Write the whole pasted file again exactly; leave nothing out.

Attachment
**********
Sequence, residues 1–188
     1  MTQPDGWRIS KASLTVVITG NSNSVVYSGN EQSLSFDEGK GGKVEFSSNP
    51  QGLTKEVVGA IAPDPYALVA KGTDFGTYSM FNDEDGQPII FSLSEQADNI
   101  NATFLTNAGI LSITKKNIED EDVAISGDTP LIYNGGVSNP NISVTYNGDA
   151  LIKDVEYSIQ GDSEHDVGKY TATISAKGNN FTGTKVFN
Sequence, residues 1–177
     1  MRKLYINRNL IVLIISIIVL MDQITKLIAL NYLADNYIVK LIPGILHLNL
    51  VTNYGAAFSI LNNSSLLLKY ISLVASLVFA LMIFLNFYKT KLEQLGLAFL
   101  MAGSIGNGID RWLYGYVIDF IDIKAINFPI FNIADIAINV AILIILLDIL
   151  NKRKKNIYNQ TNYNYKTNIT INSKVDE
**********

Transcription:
Sequence, residues 1–188
     1  MTQPDGWRIS KASLTVVITG NSNSVVYSGN EQSLSFDEGK GGKVEFSSNP
    51  QGLTKEVVGA IAPDPYALVA KGTDFGTYSM FNDEDGQPII FSLSEQADNI
   101  NATFLTNAGI LSITKKNIED EDVAISGDTP LIYNGGVSNP NISVTYNGDA
   151  LIKDVEYSIQ GDSEHDVGKY TATISAKGNN FTGTKVFN
Sequence, residues 1–177
     1  MRKLYINRNL IVLIISIIVL MDQITKLIAL NYLADNYIVK LIPGILHLNL
    51  VTNYGAAFSI LNNSSLLLKY ISLVASLVFA LMIFLNFYKT KLEQLGLAFL
   101  MAGSIGNGID RWLYGYVIDF IDIKAINFPI FNIADIAINV AILIILLDIL
   151  NKRKKNIYNQ TNYNYKTNIT INSKVDE